Day one. A strange and new city. Waking up beside my new bride. Rushing off to my new career, which translated for the first year, working a minimum of twelve hour days, five or six days a week. Leaving her alone in a new city – actually on the outskirts of the new city – in a country setting bedroom community, with a ground level walk-out basement suite, with patio doors that opened up to rolling hills of orchards and birds and blue sky. But inside there was a mouse to contend with and a cat with an attitude who didn’t give a damn about the mouse, but instead sprayed most of our furniture.
We opted for the mouse over the cat.
I received a paycheck every two weeks. The first one just barely covered our rent. That left the second one to cover absolutely everything else. Which meant it didn’t. Consequently, I was supplementing our grocery bill whenever I could, by bringing home leftovers from the restaurant at the end of the night. This also meant that furnishing our home fell at the end of the list, meaning that our bed was a mattress on the floor.
A few months into marriage we asked both of our parents for some help. My wife’s parents responded by loading up their truck with groceries and driving out to our new home, filling our cupboards with their care packages. This was in spite of the fact that my wife’s father was struggling to get enough work to cover their own bills. My parents opted to send a book on how to manage your finances for young couples. This was in spite of the fact that they needed to get rid of last year’s models and styles of everything and replace it with the newest gizmos and gadgets.
However, my parents did then decide to purchase us a bed. My only instruction to them was that I did not want a foam bed, like they had. I was mistaken, apparently, as a brand new foam bed showed up at our house. We put it together and were thankful that we were now sleeping off of the floor, but when I woke up in the morning, and couldn’t move, and consequently could not get out of the bed, my thankfulness disappeared. Shortly afterwards we sold the mattress and used what we could of the bed to get by.
I have found this rhythm all throughout life when it comes to offering help to one another. Help is asked for and it seems to be responded to from a couple different perspectives. The first one is a literal response to the expressed need. An example of this is recently my wife’s mother called her to express her concern over my wife’s brother, who lives in the same city as us but suffers from mental illness. He was talking to their mom about how hungry he was and that he had nothing in his cupboards. Since she lives a couple provinces away she responded the next best way she knew how, which was to call her daughter with the instruction to go immediately to his home and fill his cupboards with canned food.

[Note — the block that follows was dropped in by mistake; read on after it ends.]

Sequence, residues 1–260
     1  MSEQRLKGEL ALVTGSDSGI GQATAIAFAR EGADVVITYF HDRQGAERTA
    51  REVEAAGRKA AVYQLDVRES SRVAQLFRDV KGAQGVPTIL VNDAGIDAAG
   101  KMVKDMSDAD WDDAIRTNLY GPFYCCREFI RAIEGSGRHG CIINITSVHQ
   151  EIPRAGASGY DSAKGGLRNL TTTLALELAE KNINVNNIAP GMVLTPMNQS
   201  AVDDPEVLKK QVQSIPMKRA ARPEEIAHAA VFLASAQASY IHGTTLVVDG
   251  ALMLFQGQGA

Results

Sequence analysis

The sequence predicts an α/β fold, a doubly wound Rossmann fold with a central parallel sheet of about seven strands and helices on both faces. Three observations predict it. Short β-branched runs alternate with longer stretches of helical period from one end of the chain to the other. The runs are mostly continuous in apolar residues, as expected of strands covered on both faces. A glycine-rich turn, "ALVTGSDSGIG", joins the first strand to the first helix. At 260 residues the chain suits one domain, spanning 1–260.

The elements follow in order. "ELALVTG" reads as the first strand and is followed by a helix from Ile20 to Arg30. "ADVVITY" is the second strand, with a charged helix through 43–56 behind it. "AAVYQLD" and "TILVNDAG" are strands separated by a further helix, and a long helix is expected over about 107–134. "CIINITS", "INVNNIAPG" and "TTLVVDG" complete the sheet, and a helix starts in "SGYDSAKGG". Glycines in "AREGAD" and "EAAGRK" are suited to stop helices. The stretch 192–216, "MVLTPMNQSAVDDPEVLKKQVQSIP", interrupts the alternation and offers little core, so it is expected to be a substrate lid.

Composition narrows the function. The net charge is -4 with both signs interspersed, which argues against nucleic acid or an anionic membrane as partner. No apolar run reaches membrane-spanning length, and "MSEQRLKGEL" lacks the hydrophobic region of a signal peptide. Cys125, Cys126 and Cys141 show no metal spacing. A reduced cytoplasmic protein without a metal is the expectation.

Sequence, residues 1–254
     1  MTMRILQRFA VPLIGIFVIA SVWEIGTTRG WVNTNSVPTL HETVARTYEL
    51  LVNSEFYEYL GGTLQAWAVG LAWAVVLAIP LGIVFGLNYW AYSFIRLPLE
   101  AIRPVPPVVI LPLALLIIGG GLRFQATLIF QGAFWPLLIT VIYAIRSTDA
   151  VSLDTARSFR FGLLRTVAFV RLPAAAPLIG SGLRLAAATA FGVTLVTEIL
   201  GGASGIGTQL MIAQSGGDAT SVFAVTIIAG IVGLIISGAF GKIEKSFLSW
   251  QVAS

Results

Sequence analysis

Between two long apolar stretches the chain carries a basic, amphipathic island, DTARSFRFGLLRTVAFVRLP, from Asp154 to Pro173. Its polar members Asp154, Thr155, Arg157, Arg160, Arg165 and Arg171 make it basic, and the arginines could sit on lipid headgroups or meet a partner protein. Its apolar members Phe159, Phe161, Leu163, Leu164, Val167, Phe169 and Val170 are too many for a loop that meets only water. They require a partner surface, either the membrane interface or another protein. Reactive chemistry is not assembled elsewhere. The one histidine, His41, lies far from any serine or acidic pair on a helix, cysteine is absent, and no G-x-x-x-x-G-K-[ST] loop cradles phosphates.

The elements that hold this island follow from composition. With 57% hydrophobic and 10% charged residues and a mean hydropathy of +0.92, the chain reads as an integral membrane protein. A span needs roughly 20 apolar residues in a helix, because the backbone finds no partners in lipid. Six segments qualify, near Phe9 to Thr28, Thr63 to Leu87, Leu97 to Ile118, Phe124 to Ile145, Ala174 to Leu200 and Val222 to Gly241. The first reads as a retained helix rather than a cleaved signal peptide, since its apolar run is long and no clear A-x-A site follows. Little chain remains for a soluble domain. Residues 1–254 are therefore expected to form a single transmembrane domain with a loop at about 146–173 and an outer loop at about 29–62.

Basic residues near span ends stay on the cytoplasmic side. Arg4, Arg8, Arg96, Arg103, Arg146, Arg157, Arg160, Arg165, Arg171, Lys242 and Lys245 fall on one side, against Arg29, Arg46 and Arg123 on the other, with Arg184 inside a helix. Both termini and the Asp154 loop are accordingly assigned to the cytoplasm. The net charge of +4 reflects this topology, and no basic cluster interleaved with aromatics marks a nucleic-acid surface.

My reaction to that situation was a direct reflection of my parent’s, where I pointed out that within two city blocks of where he lives there are several service agencies that when all tolled, could provide him with three meals a day for free, for five days a week, with the food bank providing food to cover the weekends. I listed off all of these resources with a firm commitment to not go to his place and fill his cupboards.
I still feel firm in that decision. But which approach is the right one? Which form of help is actually helpful?
My wife would argue that the book that my parents gave us way back in the day was actually helpful, that there were some good points in it that equipped us to get a better grasp on our finances. She would also point out that we did get a bed from my parents and all we needed to do was to swap mattresses in order to find one that I could sleep on.
So which one was helpful? Is action alone helpful? Is it really helpful or is it simply to be seen to be doing something, while perhaps not entirely helpful, needs to be classified nonetheless as being helpful because at least it is something. This convoluted explanation of helpfulness is perhaps the most succinct way in which people’s helpfulness can be explained in general terms.
Is it really truly helpful when an individual or a group of people show up at a soup kitchen to serve a meal to those in need? When does it cross the threshold of being simply an action to actually becoming helpful? Is it repetition? Is it quality or quantity? Were my wife’s parents more helpful because they brought a couple bags of groceries or were my parent’s more helpful because they sent a book on financial management?
During the first ten years of our marriage there would be several times where our needs were met externally. Those times have formed an important base and life lesson for me. From a spiritual sense I can be reminded of God’s provision and care for us and from a more earthly sense I am reminded that help looks different, no matter how you look at it or try to define it. Further to that, I have concluded that helping is an action word and if it only starts from a place of needing to be seen to be doing something, that something, no matter what it may look like, will, in some weird way perhaps, almost always end up being helpful.